Rabbit Hill Social Sensitivity

Robert Lawson
This Study Guide consists of approximately 6 pages of chapter summaries, quotes, character analysis, themes, and more - everything you need to sharpen your knowledge of Rabbit Hill.
This section contains 147 words
(approx. 1 page at 300 words per page)
Buy the Rabbit Hill Short Guide

The animals on Rabbit Hill have developed a community in which all members are aware of and sensitive to the needs of the others. For example, the relationship between the fieldmouse, Willie, and the blind mole, evident in Mole's statement, "Willie, be eyes for me," suggests a cooperation that transcends differences. When preparing to enjoy the "new folk's" garden, they agree on a suitable division according to the needs of each and then enhance that agreement with a commitment to wait until Midsummer's Eve to take anything from the garden. In fact, the central tension of the book pivots on whether the "new folks" fit into this welldeveloped community structure. These "new folks" demonstrate that they are willing to take part by saving both Willie and Little Georgie and by sharing their garden with the animals. The animals respond with their own commitment to protect the garden.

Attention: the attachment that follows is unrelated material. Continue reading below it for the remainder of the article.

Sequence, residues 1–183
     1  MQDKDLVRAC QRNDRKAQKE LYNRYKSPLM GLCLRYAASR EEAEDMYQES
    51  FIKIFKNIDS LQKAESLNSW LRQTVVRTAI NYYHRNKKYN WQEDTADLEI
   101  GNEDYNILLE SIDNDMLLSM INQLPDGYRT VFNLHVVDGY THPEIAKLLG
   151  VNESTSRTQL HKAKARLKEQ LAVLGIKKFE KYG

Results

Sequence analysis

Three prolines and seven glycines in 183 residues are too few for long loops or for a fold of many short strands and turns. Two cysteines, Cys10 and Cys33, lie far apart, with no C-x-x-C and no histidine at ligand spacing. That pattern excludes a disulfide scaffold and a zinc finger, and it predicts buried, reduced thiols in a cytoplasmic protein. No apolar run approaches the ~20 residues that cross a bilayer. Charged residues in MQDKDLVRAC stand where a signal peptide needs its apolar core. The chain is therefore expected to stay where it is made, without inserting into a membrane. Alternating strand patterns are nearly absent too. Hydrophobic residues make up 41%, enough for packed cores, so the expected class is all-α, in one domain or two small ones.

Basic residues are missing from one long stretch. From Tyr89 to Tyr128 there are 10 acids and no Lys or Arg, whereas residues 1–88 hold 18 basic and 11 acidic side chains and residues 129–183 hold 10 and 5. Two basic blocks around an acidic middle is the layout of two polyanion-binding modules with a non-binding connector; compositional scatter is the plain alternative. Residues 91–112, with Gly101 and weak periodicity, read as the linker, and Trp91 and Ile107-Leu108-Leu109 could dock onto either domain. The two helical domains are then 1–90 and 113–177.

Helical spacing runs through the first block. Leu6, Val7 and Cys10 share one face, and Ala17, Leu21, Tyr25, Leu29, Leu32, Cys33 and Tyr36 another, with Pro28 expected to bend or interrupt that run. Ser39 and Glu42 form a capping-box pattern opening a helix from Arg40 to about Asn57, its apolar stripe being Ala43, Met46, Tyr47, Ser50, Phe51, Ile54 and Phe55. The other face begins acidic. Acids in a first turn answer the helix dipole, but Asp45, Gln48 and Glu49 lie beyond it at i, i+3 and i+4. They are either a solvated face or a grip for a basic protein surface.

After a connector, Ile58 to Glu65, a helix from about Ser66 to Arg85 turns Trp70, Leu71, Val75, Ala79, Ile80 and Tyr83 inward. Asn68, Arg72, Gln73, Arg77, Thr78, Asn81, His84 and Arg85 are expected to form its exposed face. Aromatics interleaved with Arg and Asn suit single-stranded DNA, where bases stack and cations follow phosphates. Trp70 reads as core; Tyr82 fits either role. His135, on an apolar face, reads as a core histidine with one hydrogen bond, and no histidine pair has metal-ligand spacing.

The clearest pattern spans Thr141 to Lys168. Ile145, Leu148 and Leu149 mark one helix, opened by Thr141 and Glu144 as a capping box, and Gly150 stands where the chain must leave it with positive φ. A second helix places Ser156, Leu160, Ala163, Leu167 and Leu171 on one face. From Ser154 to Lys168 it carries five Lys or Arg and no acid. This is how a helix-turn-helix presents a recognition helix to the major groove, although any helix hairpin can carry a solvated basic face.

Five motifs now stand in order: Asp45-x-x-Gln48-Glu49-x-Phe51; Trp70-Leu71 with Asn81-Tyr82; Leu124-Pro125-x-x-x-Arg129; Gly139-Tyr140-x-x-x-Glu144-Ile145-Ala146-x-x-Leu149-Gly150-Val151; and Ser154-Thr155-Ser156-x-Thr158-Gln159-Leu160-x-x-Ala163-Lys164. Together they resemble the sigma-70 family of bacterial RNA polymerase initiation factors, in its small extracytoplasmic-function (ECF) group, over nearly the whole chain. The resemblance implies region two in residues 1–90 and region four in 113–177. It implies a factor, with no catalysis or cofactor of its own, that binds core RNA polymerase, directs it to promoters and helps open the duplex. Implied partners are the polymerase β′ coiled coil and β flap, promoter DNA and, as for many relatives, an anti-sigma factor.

(read more)

This section contains 147 words
(approx. 1 page at 300 words per page)
Buy the Rabbit Hill Short Guide
Copyrights
Gale
Rabbit Hill from Gale. ©2005-2006 Thomson Gale, a part of the Thomson Corporation. All rights reserved.